And an online petition recently was posted seeking to return Roosevelt Island, in New York’s East River, to what is said to be its original Native American name of Minnehanonck. (The petition had only a couple of dozen supporters as of Sunday morning, but that was enough to warrant an article in the New York Post, which delights in tormenting political correctness.) The article notes that President Franklin Roosevelt, for whom the island was named in 1971, promulgated the infamous and inarguably racist order removing entire communities of legal immigrants and law-abiding American citizens of Japanese descent to internment camps after the attack on Pearl Harbor.

So how long will it be before the forces of iconoclasm turn their attention to that notorious racist Abe Lincoln — either sincerely or, more likely, as a way to subvert the campaign against Confederate monuments by carrying it to an illogical extreme?

In fact, there is a legitimate question here. When Trump made his point about Washington and Jefferson he was widely derided for missing the point, but in what way exactly? Most commentators pointed out that the two presidents were American heroes, while Robert E. Lee was a traitor to the United States. That distinction will do when the question is whether to honor Confederate generals, but not every case is going to break down as neatly. If the bright line is defined as broadly as “racism,” as currently understood, then, yes, Nebraska, we’re looking at you: Want to choose a new name for your capital city? What are we going to do with all the pennies (and nickels, dimes and quarters) in our pockets?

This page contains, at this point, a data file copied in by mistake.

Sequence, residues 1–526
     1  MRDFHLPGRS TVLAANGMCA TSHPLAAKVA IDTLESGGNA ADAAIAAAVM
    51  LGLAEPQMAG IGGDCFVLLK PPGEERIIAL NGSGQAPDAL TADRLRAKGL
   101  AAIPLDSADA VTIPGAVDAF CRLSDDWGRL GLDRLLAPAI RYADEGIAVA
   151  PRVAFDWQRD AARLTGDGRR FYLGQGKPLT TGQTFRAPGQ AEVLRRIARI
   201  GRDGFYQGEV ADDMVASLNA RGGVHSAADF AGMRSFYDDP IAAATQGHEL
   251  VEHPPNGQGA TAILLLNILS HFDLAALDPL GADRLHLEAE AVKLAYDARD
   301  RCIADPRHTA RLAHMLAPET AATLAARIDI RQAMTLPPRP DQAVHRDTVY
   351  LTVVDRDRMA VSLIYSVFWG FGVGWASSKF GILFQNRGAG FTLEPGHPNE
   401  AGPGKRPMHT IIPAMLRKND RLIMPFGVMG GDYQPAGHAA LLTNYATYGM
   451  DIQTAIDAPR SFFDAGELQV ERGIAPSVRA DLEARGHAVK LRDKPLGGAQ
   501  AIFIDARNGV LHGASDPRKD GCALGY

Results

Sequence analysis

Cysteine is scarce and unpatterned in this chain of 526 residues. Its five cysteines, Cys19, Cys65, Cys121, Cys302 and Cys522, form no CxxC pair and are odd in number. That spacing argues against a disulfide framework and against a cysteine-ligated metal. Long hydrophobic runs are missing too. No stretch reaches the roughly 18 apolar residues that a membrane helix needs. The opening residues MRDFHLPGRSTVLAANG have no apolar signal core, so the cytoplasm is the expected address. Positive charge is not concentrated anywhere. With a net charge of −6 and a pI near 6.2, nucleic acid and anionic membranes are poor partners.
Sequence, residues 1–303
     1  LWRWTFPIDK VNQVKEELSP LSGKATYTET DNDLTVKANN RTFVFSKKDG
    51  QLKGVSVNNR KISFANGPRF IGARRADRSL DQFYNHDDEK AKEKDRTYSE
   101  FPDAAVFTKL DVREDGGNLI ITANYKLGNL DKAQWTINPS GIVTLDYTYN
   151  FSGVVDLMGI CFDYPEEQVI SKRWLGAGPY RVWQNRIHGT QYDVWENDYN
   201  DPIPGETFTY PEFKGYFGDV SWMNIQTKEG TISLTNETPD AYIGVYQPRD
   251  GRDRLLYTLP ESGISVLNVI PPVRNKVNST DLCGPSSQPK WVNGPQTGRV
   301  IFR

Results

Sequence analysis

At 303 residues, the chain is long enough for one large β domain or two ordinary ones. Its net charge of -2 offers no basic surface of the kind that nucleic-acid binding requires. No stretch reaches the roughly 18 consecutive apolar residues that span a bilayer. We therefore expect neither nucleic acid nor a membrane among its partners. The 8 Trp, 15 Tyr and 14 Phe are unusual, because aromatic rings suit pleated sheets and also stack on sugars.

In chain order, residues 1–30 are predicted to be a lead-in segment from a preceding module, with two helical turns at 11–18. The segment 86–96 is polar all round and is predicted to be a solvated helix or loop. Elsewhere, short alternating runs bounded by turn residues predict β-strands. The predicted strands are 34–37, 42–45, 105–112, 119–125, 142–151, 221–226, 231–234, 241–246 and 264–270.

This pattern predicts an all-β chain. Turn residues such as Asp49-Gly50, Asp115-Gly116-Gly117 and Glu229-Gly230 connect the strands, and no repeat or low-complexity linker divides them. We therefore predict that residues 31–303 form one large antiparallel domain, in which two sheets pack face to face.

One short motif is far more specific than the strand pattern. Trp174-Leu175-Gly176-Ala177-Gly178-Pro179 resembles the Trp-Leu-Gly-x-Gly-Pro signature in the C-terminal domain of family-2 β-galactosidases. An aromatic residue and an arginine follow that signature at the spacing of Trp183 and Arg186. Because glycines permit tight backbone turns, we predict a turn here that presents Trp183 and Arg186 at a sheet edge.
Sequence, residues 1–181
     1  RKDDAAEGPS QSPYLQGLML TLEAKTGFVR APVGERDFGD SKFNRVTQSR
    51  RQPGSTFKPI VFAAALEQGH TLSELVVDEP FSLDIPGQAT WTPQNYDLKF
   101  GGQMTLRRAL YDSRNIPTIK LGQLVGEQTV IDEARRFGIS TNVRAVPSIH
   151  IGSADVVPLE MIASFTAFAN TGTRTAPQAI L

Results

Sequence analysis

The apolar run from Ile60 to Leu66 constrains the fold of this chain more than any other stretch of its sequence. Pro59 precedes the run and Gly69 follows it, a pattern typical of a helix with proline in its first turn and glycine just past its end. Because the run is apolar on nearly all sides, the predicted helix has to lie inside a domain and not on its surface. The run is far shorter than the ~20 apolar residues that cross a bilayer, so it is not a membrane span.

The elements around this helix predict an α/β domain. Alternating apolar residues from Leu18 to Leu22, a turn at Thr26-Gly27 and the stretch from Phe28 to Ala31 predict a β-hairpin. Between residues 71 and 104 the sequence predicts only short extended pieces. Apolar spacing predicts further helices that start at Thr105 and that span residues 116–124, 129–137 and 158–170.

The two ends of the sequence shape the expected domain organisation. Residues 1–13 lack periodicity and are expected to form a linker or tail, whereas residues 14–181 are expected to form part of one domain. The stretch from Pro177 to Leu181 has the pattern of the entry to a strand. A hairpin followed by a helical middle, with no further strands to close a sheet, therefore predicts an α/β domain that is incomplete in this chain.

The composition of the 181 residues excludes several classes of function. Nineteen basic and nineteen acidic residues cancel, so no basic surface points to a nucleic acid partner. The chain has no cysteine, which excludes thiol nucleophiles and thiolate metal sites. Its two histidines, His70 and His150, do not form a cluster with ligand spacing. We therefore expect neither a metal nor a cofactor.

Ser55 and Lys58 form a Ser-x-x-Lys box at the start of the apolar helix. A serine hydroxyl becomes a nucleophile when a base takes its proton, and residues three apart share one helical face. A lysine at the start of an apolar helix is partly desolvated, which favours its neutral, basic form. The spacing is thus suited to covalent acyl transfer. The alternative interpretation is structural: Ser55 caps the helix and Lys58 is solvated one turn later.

City workers drape a tarp over the statue of Confederate General Robert E. Lee in Charlottesville, Va., on Aug. 23 to symbolize the city’s mourning for Heather Heyer, killed while protesting a white nationalist rally. (Photo: Steve Helber/AP)

The answer must be this: to look at statues and other forms of civic honor in terms of their intent and overall message, not the biographical details of the life they commemorate. Washington, Jefferson and Grant — and for that matter Lincoln — held some views we now consider repugnant (and which, in the cases of Grant and Lincoln, were belied by their own subsequent deeds and words), but in the context of their own times they were heroes. If Washington and Jefferson lacked the moral vision to abjure slavery, it is a blot on their characters, but one they shared with most of their contemporaries. But by the time of the Civil War, you didn’t have to be a visionary to apprehend the monstrosity of enslavement. Upholding white supremacy was not just an incidental fact of Lee’s life, it was central to his place in American history, and the only reason there are statues to him at all. He isn’t being honored for what he did in the Mexican-American War.

This is not to say there won’t still be hard cases. You could, in principle, recognize Sims’ work in studying female anatomy while condemning his methods, but that would require an essay; a statue is a blunt statement, unsuited to convey nuance. If Sims hadn’t come up with a procedure to repair vaginal fistulas, someone else would have, and there’s a persuasive case that the cruelty of his methods outweighs his achievements. But it took Lincoln and Roosevelt, whatever their faults, to save the Union and preserve Western democracy. Saints, and statues of them, have their place. It’s called church.